Sometimes things don’t work out the way you planned. And if you’re someone like Vito or Monique Auito of The Welcome Wagon, that’s a good thing.
When Monique Aiuto was in art school at Cooper Union in the 1990s, she made a sculpture out of three cement rings. They were about four feet high and sat two feet apart. After the rings were constructed, Aiuto inflated a weather balloon inside each. “I wanted to show this relationship between something soft and something hard, something solid and something that was light as air,” she says.
But once the balloons were inflated, they moved the rings, tipping two of them outward. “But they did not fall because they were held up by the balloon,” she remembers. “It was wonderful! It was exactly what I wanted, but I did not expect it to happen that way. So I had this sculpture that was this living tension.”
Other students and professors watched and wondered when the rings would fall. In the end, the piece survived for about three hours. “I had hoped it would stay up longer, but it was too fragile. That fragility was what made it special,” Aiuto says.
Maybe you’re currently doing one, or a combination of the following:
a.) Making art
b.) In the early stages of labor with your first child
c.) In the kitchen making dinner
d.) Preparing to defend a doctoral thesis, or
e.) Putting a car engine back together
At the beginning of an idea or event, maybe you have a moment of inspiration: you can see eyes opening, pistons compressing, string beans snapping. Then, when it comes down to actually doing something, there are questions. Could be something small, like, will my pizza burn? Or something big, like, when my kid is born will he be healthy?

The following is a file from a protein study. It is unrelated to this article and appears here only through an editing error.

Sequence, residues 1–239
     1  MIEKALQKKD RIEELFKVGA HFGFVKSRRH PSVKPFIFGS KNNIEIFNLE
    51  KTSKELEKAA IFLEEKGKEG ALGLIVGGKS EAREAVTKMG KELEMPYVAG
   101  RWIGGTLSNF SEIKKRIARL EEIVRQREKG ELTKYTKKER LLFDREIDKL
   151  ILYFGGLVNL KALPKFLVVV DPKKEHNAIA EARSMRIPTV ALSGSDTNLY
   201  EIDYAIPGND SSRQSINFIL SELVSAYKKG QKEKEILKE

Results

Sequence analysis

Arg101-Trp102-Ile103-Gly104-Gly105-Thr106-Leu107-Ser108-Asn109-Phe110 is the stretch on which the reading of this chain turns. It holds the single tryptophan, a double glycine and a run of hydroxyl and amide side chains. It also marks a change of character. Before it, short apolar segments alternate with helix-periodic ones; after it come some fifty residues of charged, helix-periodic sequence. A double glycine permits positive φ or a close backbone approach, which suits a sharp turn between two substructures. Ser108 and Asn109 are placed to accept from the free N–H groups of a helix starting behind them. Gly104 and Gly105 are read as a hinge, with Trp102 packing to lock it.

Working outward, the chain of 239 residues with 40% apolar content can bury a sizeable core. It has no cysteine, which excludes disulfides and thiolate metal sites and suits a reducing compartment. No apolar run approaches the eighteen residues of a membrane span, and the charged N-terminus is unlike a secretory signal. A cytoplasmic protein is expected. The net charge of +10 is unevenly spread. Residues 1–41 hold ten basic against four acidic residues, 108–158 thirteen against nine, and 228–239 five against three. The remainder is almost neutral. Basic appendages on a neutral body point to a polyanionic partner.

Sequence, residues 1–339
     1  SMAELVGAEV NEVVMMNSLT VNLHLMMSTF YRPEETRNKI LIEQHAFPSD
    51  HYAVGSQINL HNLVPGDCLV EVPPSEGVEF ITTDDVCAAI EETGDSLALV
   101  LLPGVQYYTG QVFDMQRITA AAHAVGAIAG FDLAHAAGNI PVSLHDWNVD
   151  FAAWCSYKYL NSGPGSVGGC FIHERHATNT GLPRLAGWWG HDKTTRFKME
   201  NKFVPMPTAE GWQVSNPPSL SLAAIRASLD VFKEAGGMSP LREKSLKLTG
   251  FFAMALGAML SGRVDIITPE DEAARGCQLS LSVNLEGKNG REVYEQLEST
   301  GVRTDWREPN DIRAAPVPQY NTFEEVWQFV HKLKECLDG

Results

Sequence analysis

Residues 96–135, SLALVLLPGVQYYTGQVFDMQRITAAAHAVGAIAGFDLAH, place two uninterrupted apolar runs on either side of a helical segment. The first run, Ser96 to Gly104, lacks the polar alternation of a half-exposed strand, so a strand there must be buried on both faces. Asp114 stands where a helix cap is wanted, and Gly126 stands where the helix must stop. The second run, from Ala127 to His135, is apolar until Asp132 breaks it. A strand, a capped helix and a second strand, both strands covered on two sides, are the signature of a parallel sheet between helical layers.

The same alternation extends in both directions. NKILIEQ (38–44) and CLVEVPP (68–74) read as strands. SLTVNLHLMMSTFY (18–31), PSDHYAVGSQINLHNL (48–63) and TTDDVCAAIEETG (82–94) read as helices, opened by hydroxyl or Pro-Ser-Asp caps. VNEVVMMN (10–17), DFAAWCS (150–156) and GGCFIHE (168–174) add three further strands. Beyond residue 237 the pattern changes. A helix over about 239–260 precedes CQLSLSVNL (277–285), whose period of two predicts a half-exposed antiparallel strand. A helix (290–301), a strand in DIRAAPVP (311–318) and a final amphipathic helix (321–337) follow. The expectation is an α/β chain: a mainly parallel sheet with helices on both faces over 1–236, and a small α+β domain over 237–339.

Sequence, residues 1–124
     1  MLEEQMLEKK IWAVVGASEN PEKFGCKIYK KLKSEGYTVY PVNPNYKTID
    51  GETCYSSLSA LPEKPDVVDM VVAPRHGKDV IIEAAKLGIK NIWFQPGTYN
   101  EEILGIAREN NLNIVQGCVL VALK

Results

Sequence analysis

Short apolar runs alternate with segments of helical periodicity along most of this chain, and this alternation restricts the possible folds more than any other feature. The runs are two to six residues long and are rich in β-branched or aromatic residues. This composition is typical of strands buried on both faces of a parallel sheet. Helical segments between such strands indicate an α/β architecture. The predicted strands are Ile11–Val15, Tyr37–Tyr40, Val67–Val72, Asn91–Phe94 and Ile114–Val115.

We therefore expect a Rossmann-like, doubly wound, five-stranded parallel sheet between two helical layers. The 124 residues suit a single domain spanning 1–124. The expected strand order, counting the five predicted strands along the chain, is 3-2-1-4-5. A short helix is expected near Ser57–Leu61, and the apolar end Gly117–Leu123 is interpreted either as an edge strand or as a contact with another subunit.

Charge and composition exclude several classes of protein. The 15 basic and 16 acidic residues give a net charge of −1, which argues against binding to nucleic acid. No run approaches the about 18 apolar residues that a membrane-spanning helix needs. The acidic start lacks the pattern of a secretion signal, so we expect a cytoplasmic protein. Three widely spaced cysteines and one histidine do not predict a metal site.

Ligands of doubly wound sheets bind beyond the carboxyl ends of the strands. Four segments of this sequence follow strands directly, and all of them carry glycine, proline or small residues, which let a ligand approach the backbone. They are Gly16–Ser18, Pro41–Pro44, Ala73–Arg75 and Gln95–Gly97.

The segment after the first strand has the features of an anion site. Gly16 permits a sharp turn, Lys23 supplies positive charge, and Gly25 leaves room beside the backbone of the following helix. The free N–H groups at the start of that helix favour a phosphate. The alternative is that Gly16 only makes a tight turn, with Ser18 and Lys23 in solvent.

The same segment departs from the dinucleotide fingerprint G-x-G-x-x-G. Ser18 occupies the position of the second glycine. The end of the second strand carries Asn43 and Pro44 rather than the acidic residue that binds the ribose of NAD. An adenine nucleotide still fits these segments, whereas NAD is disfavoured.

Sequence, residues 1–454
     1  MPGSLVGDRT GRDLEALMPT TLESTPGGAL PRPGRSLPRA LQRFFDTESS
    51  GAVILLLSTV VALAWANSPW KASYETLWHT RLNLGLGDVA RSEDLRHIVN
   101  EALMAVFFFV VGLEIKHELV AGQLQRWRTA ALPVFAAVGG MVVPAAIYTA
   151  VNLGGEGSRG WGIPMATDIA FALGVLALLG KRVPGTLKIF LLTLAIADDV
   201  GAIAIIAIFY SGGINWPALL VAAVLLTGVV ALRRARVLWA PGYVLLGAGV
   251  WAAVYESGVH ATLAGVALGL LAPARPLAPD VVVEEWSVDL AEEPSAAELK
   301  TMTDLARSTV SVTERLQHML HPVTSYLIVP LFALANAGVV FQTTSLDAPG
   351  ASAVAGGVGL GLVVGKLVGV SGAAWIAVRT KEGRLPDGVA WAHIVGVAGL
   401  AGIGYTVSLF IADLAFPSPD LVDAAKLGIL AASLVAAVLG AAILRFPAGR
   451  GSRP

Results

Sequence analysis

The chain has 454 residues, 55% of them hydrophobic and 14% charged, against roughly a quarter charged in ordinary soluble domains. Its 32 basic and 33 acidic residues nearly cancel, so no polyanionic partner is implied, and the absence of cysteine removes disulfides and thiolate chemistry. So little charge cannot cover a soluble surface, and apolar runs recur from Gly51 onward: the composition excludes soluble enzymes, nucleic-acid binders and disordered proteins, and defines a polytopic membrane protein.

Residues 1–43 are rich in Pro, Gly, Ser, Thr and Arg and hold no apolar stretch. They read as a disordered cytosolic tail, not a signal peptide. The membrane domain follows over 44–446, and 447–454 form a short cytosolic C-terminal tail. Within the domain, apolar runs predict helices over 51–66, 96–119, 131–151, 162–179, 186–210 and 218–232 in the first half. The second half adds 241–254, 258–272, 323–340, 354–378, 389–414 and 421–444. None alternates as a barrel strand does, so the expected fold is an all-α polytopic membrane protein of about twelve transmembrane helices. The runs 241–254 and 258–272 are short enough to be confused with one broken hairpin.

Regardless of outcome, the vulnerability of putting something new into the world, even if it ends up resolving itself in an unexpected form, is why tension exists in process. And if you look, there are songs, friends, and other balms to help along the way.
Just ask Vito and Monique Aiuto. Together, they make up The Welcome Wagon. They live in Brooklyn. Are married. Have a son. He pastors a church. And they make music. Throughout the recording of the latest Welcome Wagon album Precious Remedies Against Satan’s Devices, there were times when it looked like the recording was going to fall apart, or at least deflate.
Turns out, the imperfections ended up defining the record.
Greetings from Michigan
Shortly after Vito and Monique started making music in their living room, they began performing with Sufjan Stevens. Monique sang in Stevens’ “Michigan Militia Choir” and Vito played guitar and sang in his band. “I was his ‘guitarist’ for a few years. I had only been playing guitar for about a year when I began,” Vito remembers. “Man, I loved playing in his band, but at the same time, I cringe when I think back to those days. I would sometimes have to have him teach me rudimentary chords backstage before a show so I could play his songs. Or actually, more than once, I had to lean over and ask him what key something was in during a show. But he took it all in stride.”